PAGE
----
Although the RBI notification said that business travel would be exempted from the new amendments, there are many grey areas that need to be addressed.
BookMyForex founder Sudarshan Motwani said that banks cannot verify the purpose of each transaction and may straightaway deduct TCS if the payment has been made in personal capacity or the corporate credit card does not categorise it as ‘business’.
“For any bank or credit card issuer, it is not possible to keep tabs on the end use of the card and levy taxes as per transaction. A student taking a forex card for education is barred from TCS but what if he purchases a refrigerator for personal use with the card? Everything then boils down to the purpose for which the credit card is being issued and rules will be applicable accordingly,” he added.
SaaS platform LogiNext’s cofounder and CEO Dhruvil Sanghvi told Inc42 that this might be an attempt by the government to bring international credit card spendings under the ambit of GST.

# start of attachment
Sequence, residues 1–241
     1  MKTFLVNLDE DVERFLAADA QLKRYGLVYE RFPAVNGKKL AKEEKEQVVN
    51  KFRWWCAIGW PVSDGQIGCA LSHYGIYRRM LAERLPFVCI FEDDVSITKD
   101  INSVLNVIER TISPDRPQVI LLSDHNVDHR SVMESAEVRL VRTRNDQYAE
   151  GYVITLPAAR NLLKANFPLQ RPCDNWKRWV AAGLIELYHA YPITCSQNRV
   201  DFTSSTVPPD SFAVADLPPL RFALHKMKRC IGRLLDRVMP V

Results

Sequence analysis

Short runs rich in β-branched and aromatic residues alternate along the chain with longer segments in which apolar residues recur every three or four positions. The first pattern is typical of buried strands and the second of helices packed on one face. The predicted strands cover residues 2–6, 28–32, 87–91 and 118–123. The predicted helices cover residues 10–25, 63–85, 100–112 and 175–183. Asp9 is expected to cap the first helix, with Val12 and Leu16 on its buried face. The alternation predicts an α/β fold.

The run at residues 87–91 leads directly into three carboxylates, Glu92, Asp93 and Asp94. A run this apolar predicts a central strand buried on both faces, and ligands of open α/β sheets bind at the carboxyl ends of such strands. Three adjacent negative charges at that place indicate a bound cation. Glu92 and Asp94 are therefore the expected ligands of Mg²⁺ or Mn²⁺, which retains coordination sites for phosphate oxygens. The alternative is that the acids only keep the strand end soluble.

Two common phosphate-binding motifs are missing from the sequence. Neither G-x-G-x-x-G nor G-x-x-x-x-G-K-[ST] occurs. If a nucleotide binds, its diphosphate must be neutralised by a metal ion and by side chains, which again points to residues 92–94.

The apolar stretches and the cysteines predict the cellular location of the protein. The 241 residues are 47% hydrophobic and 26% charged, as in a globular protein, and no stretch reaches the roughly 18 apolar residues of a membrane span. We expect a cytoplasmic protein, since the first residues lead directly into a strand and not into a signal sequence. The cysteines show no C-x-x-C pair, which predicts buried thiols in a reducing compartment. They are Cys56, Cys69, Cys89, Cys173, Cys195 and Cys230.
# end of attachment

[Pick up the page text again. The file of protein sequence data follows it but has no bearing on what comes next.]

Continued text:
The Next Steps For Fintech
The move seems to have sent alarm bells ringing for the homegrown fintech and investech startups. While the increased cost of travel could dissuade users from travelling abroad, fintech and investech startups could be staring at much bigger problems.
Here are some key factors they may have to take into consideration:
- Software revamp: The fintech startups offering such cards or services will have to add an additional feature to charge these cards for the 20% TCS while remitting the payment abroad, explained fintech startup PhiCommerce founder Jose Thattil.